globally hyperbolic Lorentzian manifold

A Lorentzian manifold is called *globally hyperbolic* if it admits a well-defined time evolution from initial data of physical fields on it.

There are several equivalent definitions of global hyperbolicity. A simple one is:

A Lorentzian manifold (without boundary) is called **globally hyperbolic** if it contain a Cauchy surface.

In this form the characterization of global hyperbolicity appears for instance in the paragraph at the bottom of page 211 in (HE). The equivalence of this to more traditional definitions is (HE, prop. 6.6.3) together with (HE, prop. 6.6.8), due to (Geroch1970). The latter in fact implies the following stronger statement:

A Lorentzian manifold (without boundary) is **globally hyperbolic** if it admits a foliation by Cauchy surfaces.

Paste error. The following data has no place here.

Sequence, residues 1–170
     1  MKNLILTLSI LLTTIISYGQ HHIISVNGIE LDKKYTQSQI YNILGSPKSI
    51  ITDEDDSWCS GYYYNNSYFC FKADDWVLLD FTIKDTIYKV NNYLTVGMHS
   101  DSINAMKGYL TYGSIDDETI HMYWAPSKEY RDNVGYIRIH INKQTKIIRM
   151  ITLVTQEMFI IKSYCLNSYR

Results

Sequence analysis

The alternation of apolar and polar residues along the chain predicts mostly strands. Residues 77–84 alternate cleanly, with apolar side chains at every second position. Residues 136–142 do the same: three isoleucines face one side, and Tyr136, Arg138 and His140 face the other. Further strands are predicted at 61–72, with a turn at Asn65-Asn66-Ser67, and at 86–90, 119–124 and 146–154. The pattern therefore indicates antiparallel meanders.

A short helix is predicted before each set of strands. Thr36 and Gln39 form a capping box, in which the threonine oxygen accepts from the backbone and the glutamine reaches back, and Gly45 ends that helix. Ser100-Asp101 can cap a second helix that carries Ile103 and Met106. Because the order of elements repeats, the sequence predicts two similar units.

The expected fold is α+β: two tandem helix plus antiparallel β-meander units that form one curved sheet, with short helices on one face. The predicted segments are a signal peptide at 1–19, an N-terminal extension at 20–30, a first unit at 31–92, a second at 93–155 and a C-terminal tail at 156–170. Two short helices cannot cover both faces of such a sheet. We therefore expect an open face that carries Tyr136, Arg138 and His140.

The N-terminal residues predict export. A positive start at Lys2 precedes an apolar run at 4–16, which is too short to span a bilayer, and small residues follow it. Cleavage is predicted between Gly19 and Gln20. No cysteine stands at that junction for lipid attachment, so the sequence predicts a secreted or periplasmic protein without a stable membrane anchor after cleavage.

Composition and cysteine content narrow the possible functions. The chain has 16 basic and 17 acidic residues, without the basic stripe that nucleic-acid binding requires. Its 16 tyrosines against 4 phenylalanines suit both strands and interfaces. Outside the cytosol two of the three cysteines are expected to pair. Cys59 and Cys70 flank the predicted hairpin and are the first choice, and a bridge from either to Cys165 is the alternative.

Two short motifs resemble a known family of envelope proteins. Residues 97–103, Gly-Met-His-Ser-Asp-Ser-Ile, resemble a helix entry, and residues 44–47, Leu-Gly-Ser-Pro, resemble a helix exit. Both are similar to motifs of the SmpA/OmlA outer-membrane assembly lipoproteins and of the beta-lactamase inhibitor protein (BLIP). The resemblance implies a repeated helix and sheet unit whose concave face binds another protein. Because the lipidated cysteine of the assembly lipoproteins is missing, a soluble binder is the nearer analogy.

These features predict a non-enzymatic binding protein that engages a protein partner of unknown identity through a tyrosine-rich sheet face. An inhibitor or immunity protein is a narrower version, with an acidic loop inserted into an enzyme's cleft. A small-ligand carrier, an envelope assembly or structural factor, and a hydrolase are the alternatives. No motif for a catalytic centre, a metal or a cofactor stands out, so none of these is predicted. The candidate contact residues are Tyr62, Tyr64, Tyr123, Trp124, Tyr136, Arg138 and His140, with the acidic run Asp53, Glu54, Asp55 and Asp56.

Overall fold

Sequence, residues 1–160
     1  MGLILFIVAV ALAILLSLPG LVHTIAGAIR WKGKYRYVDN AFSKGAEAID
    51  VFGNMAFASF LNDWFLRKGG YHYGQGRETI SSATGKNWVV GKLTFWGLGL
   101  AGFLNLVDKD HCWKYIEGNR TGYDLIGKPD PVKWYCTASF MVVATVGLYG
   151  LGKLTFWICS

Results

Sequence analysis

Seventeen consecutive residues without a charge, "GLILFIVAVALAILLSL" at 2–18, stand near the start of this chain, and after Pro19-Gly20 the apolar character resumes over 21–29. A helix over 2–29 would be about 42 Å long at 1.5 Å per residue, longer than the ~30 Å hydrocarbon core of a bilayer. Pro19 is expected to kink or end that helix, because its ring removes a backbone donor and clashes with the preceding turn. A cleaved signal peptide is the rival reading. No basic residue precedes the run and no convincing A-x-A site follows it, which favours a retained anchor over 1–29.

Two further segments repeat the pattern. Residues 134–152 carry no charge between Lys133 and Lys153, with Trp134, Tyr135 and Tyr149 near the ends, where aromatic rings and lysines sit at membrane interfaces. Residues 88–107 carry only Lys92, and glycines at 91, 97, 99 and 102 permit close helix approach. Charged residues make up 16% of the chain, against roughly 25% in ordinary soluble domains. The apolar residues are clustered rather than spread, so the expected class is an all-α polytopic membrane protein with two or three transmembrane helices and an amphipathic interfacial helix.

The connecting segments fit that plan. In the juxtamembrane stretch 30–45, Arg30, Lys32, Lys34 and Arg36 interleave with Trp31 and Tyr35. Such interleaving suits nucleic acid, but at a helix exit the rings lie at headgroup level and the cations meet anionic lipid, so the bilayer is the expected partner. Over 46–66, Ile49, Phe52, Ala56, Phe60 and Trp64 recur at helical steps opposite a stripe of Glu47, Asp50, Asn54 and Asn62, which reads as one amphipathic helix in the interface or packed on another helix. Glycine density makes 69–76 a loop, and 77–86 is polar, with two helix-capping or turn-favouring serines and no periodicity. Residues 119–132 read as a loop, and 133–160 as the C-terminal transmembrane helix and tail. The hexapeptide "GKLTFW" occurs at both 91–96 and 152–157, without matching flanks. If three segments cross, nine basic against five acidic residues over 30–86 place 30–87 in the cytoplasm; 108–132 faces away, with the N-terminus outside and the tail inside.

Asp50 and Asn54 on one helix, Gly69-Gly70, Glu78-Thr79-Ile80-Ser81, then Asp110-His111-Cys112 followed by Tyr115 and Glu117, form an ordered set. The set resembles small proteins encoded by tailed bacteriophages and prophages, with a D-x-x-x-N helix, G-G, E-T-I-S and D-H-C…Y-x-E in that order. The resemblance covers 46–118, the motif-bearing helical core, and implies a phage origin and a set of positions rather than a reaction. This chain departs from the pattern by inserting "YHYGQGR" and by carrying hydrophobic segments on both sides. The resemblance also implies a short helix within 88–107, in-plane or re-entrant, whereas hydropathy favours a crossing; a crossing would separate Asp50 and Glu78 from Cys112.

So in particular for a globally hyperbolic spacetime $X$ there is a homeomorphism

$\phi\colon \mathbb{R} \times \Sigma \to X$

from the product of the real line with a $(dim X - 1)$-dimensional smooth manifold $\Sigma$ and for each $t \in \mathbb{R}$ the image $\phi(t, \Sigma) \subset X$ is a Cauchy surface of $X$.

A standard textbook exposition is section 6.6 of

- Hawking, Ellis,
*The large-scale structure of Space-Time*Cambridge (1973)

The fact that a single Cauchy surface implies a foliation by Cauchy surfaces is due to

- Robert Geroch, (1970)

The refinement of this statement to a smooth splitting is in

- Antonio N. Bernal, Miguel Sánchez,
*On smooth Cauchy hypersurfaces and Geroch’s splitting theorem*(arXiv:gr-qc/0306108v2)

Revised on September 9, 2013 21:18:59
by Urs Schreiber
(89.204.155.147)